tuto tableau papier Negative Butterfly/Flower Whew. Ok. "Negative" week has literally tuckered me out. But I did it. 1. 2. 3. 4. 5. Note: This is original work. Friendship Bracelets Macraméd friendship bracelets were all the rage when I was growing up in the eighties. All the girls at my school would obsessively make them for one another in a dizzying variety of colors, widths, and patterns. It's amazing, thinking back, that such young girls could make such beautifully intricate accessories. I, of course, tried my hand at making them as well. I would ride my bike down to the five-and-dime store and pick out the most sophisticated color combinations of embroidery floss I could find, but when it came to the actual macramé I never got beyond plain stripes. There was nothing wrong with plain stripes, except that the other girls seemed so much more advanced with their diamonds and chevrons. Fast forward 20 years: Purl Soho started carrying DMC Cotton Embroidery Floss in every conceivable color (including fluorescents! Making friendship bracelets is a surprisingly easy craft, and best of all, in the end you'll have a bunch of cute summer bracelets to give to your pals.

Glass Pendant Easy. Cheap. Adorable. How can you pass up something like this? I found places online where they sold the tutorials on how to make these glass pendant necklaces. Here’s mine for free. Supplies: paperexacto kniferulercutting boardglass tiles* (rectangular, circular, or square shapes available)bails* (I used aanraku small size)clear glue (I used Diamond Glaze. *glass pendants and bails can be found pretty much anywhere online… Amazon, Etsy supplies, etc. 1. 2. 3. 4. 5. 6. 7. 8. Featuring Thea, my model…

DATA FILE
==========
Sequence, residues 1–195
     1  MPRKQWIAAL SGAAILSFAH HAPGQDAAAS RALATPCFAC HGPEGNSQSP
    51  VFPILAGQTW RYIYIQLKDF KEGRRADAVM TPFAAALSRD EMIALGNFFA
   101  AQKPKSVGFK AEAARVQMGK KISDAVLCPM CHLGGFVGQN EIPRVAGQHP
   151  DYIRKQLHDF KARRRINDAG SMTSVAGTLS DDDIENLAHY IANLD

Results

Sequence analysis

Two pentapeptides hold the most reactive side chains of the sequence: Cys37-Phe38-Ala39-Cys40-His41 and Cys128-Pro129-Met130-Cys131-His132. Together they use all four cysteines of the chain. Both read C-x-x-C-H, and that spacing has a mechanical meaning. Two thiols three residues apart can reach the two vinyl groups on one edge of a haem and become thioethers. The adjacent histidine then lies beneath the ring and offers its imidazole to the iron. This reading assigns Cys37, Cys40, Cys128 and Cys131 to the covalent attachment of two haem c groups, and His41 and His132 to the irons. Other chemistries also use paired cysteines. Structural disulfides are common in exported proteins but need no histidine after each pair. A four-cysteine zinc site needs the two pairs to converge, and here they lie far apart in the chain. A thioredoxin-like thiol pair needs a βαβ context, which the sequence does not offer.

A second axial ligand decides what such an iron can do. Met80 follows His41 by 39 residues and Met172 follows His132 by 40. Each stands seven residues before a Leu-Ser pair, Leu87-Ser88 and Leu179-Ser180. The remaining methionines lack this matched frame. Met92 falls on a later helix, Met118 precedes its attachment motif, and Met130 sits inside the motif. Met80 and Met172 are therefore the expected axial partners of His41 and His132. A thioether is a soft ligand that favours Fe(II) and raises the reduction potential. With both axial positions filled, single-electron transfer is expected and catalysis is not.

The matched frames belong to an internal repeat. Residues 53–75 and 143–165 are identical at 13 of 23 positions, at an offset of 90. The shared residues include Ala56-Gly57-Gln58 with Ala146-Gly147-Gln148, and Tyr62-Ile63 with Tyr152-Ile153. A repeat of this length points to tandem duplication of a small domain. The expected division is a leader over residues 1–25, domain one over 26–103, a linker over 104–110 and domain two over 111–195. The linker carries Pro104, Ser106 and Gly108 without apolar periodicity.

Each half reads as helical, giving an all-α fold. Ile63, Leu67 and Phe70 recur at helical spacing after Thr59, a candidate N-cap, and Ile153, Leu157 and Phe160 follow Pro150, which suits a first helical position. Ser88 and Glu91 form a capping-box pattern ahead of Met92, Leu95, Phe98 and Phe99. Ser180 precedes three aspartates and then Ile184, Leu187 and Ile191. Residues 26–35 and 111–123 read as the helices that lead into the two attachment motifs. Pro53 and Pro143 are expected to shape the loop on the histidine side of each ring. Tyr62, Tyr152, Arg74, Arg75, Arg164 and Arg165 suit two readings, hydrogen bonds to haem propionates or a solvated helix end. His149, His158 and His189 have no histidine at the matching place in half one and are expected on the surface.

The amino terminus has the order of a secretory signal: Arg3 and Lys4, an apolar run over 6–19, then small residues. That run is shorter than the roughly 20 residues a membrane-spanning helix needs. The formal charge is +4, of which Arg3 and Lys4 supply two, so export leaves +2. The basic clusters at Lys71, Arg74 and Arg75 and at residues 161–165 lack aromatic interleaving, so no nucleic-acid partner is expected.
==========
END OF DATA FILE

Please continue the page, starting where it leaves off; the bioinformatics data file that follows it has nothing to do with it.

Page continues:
Byzantine and Box Chain Maille Tutorials Of all the chain maille weaves, the Byzantine or birdcage is perhaps one of the most attractive for jewelry. It looks intricate but is actually one of the easiest to learn and there are many lovely variations. It's my favorite weave. You can mix metals or use colored metal for more visual interest as can be seen with this copper accented bracelet I made. Other options include adding beads to byzantine as you can see with the crackle beads on the left. If you like to learn how, here are the 8 steps needed to form the basic Byzantine which you then repeat to lengthen the chain. 1. 2. 3. 4. 5. 6. 7. 8. Still confused? To add beads as shown in the above bracelet, add pairs of rings as side extensions. 9. The result is a slinky like chain. One book I can recommend is Scott David Plumlee's Handcrafting Chain and Bead Jewelry: Techniques for Creating Dimensional Necklaces and Bracelets . Beader Designs #: 472 -473 Related PostChain Maille : Ancient and Modern Uses

Earring Frame Holder Your accessories is one big mess you say? Can’t find the second part of an earring pair? Get organised with a homemade earring holder! It’ll take you no more than ten minutes. To make this frame for your accessories you’ll need the following supplies: A frame, chicken wire, a wire cutter and a stapler. Start with measuring how much chicken wire you need by holding it over the frame. Depending on what kind of frame you’ve got you might wanna make the chicken wire stand out a bit from the wall.